Country House Murders

by Thomas Godfrey (Editor)

Rating: 3.5 out of 5.

I bought this book (in hard cover!) many years ago. I read The Usual Suspects, but couldn’t get into the authors that had fallen into obscurity. I’m now an enthusiastic Golden Age mystery reader, so I thought I’d give these stories another try.

The Adventure of Abbey Grange by Sir Arthur Conan Doyle. Not every story in this book is Golden Age – and what collection of mysteries would be complete without a Sherlock Holmes! This isn’t one of Doyle’s best, but it certainly gives some interesting insights into Holmes’ character and his relationship with the faithful Dr Watson! 3★

A Marriage Tragedy by Wilkie Collins. I tried (& failed) to read The Moonstone many years ago. Maybe I would be more open to it now. I was definitely intrigued enough to finish to find out what had happened to husband from Hell, James Smith. This is by far the longest selection in this book (most of the others are less than 20 pages) and it did drag in a couple of places and the ending was somewhat gloomy. 3.5★

Lord Chizelrigg’s Missing Fortune by Robert Barr. Entertaining but very improbable. Lord Valmont is like an early version of Hercule Poirot! 3★

The Fordwych Castle Mystery by Baroness Orczy. Looks like it wasn’t just the obscure writers I was disappointed by! Silly, improbable, melodramatic and didn’t make much sense. I was really disappointed as Lady Molly was one of the first female detectives. 2★

The Blue Scarab by R. Austin Freeman. Competent mystery with workmanlike writing. Similar in style to Conan Doyle, but less engaging. 3★

The Doom of the Darnaways by G.K. Chesterton. Now this was very engaging writing with a cleverly constructed mystery. The clues are there for you – you just need to know where to look! 4★

The Shadow on the Glass by Agatha Christie. I read this last year in The Mysterious Mr. Quin I thought this was one of the slighter stories in that collection. I still think that 3★

The Queen’s Square by Dorothy L. Sayers. This was just too short to carry all the ideas & potential this mystery had. Bit of a shame. 3.5 ★

Death on the Air by Ngaio Marsh. Dame Ngaio didn’t write many short stories & (if this is representative of her skill with them) that is a pity because this one is ingenious & puts her normal snobbishness (which normally drives me crazy!) to good use. Unusually for Marsh this one shows a contempt for young female servants – in this case, insensitive & heartless. Still 4★

The Same to Us by Margery Allingham. Witty & entertaining, with a sly dig at some racist assumptions. My favourite so far. 4.5★

The Hunt Ball by Freeman Wills Crofts. A very fine example of what Thomas Godfrey (the editor of this collection) calls an “inverted” mystery where the reader knows who commits the crime & waits for the story to play out. 4★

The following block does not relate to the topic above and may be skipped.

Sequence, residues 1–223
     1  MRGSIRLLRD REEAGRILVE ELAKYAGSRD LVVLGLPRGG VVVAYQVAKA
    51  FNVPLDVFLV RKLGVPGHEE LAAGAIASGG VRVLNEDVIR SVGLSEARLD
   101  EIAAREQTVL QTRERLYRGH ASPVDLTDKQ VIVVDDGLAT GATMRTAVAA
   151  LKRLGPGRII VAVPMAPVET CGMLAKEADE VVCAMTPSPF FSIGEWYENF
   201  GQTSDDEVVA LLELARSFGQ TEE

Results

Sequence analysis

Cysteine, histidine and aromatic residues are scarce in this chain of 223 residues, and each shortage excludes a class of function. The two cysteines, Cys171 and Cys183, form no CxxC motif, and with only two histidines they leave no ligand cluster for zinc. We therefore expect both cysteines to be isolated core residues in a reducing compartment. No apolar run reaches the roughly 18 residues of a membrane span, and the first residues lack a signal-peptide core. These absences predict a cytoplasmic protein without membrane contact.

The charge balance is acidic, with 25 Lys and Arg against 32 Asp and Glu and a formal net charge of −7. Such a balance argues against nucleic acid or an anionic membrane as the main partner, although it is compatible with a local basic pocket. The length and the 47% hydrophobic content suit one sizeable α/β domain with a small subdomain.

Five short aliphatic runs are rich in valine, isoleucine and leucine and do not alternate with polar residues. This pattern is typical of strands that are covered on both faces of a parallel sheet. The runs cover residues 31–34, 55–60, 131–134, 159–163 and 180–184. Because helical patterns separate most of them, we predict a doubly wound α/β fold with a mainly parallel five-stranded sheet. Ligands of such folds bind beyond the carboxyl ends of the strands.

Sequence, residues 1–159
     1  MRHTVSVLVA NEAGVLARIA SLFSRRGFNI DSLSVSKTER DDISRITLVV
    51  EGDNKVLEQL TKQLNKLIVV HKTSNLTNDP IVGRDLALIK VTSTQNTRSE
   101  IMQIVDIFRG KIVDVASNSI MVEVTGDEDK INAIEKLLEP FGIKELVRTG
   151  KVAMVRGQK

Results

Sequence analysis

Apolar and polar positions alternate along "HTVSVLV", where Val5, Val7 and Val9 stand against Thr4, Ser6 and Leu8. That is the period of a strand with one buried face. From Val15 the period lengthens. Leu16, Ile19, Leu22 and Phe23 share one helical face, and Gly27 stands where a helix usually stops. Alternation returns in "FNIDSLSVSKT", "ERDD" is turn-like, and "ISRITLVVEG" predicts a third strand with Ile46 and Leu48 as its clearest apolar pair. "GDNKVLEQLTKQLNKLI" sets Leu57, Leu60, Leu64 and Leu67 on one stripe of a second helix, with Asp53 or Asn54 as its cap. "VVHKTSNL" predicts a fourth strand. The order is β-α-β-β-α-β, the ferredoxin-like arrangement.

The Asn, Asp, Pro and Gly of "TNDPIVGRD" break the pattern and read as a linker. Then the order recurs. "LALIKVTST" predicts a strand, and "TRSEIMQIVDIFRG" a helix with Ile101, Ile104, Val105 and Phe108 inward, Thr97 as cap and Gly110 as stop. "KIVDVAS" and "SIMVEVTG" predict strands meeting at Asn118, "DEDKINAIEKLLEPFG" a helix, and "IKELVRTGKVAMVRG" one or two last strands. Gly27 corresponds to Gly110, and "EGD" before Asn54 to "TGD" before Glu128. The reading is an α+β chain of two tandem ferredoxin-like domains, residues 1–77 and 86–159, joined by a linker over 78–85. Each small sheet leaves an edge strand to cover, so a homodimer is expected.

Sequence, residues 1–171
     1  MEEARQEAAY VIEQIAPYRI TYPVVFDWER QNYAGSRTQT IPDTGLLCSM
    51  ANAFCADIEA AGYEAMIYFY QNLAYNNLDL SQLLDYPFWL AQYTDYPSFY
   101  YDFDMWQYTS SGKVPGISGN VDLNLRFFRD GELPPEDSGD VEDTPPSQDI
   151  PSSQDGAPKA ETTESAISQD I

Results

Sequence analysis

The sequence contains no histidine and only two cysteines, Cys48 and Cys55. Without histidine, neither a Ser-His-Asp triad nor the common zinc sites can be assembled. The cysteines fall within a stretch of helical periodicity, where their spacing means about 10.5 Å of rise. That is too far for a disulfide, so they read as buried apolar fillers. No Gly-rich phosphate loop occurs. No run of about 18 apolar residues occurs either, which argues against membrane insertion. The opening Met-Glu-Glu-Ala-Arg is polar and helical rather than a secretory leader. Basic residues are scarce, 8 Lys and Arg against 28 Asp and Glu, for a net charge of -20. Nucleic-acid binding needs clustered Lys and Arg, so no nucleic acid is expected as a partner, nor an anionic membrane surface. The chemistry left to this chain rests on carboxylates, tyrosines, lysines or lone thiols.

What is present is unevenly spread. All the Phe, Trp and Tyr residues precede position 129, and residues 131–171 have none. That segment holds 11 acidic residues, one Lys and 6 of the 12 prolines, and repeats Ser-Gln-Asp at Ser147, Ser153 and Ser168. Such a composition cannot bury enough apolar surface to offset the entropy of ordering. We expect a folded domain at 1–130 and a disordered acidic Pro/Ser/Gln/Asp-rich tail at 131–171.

The Incautious Burglar by John Dickson Carr. A satisfying mystery even though there were very few suspects. 5★

The Long Shot by Nicholas Blake Well written, but a bit improbable. 4★

Jeeves and the Stolen Venus by P.G. Wodehouse Funny (Of course – it’s Wodehouse!) But I was confused. 3.5★

Death in the Sun by Michael Innes Just too improbable for me! 3★

An Unlocked Window by Ethel Lina White. Yes I did guess where it was going but the journey was wonderfully thrilling! 5★

The-Wood-For-The-Trees by Philip MacDonald. I have been looking for The Rasp for quite some time, as I know reviewers who really love it. This short story made me want to look even harder. I’m quite sure I’ve read it before, a few too many characters, & if I hadn’t read it before I did a very good job of guessing everything that was going to happen! 4.5★

The Man on the Roof by Christianna Brand. Not so this one, although I normally like Brand’s work. Occasionally witty, but a confused/confusing mish-mash. I’m wondering if I should read again, but provisionally 2.5★

The death of Amy Robsart by Cyril Hare. In case you are wondering if this Golden Age author wrote a historical murder mystery – he didn’t. Very entertaining murder mystery with a film setting. There is a plot hole but I enjoyed this very much. 4★

Fen Hall by Ruth Rendell. The first thing I have read by Rendell. Well written but another plot hole & this one isn’t a whodunnit! Still very well written & I now want to read some more Rendell. 3.5★

A very Desirable Residence by P.D. James Well written but improbable. I found the end quite satisfying though! 3.5★

The Worcestershire Enigma by James Miles. “Who?” You might well ask! I couldn’t find any other trace of this author who uses another author’s creations (Conan Doyle’s) & a real life person. (I won’t spoil this for you) very badly. It isn’t quite as bad as the Orczy one but I am still giving this 2★

So, as always with short story collections, a very mixed bag! I would still recommend reading if you want a ‘taster’ of some of the less well known writers. Most of them I want to read some of their full length books!

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